-1

Makkot 15a begins by asking: Why did Rabbi Yohanan say something and then claim he did not say it? I don't understand the Gemara's answer to that question. Can anybody explain it to me?

closed as unclear what you're asking by Al Berko, mbloch, Oliver, רבות מחשבות, sabbahillel Feb 14 at 3:00

Please clarify your specific problem or add additional details to highlight exactly what you need. As it's currently written, it’s hard to tell exactly what you're asking. See the How to Ask page for help clarifying this question. If this question can be reworded to fit the rules in the help center, please edit the question.

  • 2
    What don't you understand about the answer? Is there a word you know you don't understand? Which? Is the translation you think you see doesn't fit in the logical flow of the text? If so tell us what do you think you see and which flow element it doesn't fit with and why. Currently it's hard to know what the issue is to be able to help you. – Double AA Feb 13 at 21:23
  • @ Double AA -- Please remove the question (I can't do it) or go back to the wording I originally used. As I said (it was deleted), Daniel's answer is all I needed. Case closed. – Maurice Mizrahi Feb 14 at 4:07
  • One suggestion: if you found someone's answer helpful, you should upvote it (the up arrow on the left of the question) – mbloch Feb 14 at 4:43
  • But I clicked on the check mark to indicate he answered my question. – Maurice Mizrahi Feb 14 at 5:34
1

Rabbi Yohanan originally made a statement that if anybody violates any negative commandment which is preceded by a positive commandment (לאו שקדמו עשה), everybody agrees that he would receive lashes as punishment.

Later on, he retracts this statement and the gemara asks why. The reason he retracts the statement is because of a difficulty. There is a beraisa that states that a non-kohein who divorces the woman he raped (the negative commandment is not to divorce her and the positive commandment that precedes it is the commandment to marry her) does not receive lashes. Rather, he is forced to re-marry the woman. This contradicts Rabbi Yohanan's original statement.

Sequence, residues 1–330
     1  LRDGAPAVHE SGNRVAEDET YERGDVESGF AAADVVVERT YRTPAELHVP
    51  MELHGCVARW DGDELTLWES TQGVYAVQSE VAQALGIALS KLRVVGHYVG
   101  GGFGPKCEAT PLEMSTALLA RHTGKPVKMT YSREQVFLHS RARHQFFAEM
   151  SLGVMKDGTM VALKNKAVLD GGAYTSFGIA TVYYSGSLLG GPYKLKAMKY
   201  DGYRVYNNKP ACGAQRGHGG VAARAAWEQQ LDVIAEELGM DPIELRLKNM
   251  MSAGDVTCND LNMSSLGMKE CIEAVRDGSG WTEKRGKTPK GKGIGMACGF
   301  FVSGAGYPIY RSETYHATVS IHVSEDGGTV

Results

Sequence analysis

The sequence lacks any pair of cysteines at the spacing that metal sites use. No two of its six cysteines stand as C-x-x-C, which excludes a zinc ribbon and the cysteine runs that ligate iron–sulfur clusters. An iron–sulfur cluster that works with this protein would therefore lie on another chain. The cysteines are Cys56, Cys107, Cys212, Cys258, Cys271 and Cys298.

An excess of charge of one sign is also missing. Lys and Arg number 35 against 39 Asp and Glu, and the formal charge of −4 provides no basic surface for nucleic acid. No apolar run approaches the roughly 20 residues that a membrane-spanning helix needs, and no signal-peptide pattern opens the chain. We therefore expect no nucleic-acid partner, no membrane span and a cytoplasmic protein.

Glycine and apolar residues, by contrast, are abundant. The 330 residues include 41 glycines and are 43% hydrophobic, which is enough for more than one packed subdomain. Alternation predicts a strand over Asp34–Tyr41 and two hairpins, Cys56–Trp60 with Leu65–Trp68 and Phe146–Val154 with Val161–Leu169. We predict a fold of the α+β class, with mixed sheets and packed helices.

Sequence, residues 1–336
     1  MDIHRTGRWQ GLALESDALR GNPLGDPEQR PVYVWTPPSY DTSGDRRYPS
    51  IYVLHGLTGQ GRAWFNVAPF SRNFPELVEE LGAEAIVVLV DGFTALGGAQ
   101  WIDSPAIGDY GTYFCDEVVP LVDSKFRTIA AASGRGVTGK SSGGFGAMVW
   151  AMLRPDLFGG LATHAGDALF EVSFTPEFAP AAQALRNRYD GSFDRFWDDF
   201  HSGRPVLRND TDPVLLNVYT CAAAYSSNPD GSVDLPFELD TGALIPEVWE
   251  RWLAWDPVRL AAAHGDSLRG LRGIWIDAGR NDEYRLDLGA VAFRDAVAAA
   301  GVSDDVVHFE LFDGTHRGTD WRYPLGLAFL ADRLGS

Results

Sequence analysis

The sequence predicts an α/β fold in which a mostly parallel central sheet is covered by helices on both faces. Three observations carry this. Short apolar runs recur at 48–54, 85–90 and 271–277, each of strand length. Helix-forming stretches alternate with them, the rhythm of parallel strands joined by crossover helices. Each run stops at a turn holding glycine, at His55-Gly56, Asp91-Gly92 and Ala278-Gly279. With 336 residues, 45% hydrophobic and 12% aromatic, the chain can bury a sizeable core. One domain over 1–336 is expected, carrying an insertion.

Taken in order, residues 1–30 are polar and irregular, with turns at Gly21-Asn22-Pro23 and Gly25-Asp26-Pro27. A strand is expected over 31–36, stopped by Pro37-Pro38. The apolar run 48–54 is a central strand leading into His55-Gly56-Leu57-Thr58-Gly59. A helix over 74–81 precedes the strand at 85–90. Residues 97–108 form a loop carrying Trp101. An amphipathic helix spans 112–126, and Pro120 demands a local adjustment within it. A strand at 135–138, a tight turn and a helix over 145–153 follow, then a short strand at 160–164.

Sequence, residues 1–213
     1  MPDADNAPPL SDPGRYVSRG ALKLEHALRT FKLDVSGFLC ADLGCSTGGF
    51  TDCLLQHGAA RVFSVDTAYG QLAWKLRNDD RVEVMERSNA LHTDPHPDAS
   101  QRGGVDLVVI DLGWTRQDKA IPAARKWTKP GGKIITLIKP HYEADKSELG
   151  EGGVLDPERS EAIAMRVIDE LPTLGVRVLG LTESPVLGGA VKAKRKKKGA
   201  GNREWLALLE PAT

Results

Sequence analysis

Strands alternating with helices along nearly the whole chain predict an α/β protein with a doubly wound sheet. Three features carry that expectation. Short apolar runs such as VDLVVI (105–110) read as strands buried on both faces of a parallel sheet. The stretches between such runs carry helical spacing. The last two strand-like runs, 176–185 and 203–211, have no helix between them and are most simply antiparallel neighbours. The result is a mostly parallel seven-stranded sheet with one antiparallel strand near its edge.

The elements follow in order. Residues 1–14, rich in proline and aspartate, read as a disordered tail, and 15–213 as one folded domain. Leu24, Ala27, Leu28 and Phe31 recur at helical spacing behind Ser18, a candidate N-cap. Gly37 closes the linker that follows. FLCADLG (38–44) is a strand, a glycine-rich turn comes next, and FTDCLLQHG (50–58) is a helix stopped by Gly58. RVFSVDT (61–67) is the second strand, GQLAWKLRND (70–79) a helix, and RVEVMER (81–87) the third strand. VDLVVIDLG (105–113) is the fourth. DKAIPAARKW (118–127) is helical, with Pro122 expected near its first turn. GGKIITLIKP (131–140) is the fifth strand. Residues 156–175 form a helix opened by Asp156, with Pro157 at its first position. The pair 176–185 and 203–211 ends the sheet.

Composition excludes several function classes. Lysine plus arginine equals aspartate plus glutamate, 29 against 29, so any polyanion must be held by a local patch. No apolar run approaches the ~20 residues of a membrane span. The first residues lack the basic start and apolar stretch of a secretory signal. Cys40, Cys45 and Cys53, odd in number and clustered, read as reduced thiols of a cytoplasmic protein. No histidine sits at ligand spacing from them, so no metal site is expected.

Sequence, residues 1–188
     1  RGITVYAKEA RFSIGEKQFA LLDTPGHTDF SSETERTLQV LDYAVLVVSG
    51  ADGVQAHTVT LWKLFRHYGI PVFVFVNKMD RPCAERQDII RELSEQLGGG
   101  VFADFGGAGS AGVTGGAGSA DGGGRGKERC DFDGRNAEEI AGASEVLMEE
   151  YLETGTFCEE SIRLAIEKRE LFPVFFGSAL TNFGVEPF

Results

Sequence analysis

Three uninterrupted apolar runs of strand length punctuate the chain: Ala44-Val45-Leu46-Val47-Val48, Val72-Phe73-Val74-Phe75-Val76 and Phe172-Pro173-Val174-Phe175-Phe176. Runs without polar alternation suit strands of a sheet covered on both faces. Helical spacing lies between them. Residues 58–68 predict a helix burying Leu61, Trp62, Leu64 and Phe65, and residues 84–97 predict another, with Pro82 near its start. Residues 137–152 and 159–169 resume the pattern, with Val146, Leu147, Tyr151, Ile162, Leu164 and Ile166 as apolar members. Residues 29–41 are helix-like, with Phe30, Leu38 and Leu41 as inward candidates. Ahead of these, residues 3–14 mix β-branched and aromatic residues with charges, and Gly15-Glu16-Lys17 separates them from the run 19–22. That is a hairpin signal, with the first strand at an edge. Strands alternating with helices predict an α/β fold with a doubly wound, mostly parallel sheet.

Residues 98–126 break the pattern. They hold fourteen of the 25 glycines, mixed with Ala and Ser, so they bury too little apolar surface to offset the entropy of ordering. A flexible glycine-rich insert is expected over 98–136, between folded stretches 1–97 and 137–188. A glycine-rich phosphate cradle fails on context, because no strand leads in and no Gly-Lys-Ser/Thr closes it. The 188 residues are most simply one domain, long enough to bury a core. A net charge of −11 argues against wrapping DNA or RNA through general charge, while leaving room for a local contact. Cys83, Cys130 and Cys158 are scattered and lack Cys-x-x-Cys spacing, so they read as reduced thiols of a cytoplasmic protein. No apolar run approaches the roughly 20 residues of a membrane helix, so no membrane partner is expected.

• But why did he claim he did not say it? That was the Gemara's question. – Maurice Mizrahi Feb 13 at 19:59
  • 1
    @MauriceMizrahi No it wasn't. The gemara asked "אלא מאי טעמא קא הדר ביה". It doesn't ask why he claimed he never said it. – Daniel Feb 13 at 20:15
0

See Ritba that paraphrased the comment of Rashi in a very clear sentence.

אמרו לו אמרת פירש"י ז"ל אמרו לו לר׳ יוחנן אמרת להא דאמר תלמידך משמך וא"ל ר׳ יוחנן לא ואמר רבה האלהים אמרה אלא שחוזר בו ולא היה צריך לחזור בו

Thay asked Rabbi Yochanan: "You said it?", regarding the rule that his student cited on his name. He answered: "No!". Rabba explained that when they asked him, it was after that Rabbi Yochanan changed his mind, i.e. he answered that he doesn't think this rule is true. And Rabba explained that there was two steps in Rabbi Yochanan's mind and they asked at the time of the second step. Further Rabba said that Rabbi Yochanan was not right when he changed his mind, because there are several proofs that his first mind was right. Rabbi Yochanan didn't say "I never said this".

The students when they asked Rabbi Yochanan, didn't know that there were two steps, so, their question was obviously of the type"Is it what you are teaching?". It was not an investigation.

Not the answer you're looking for? Browse other questions tagged .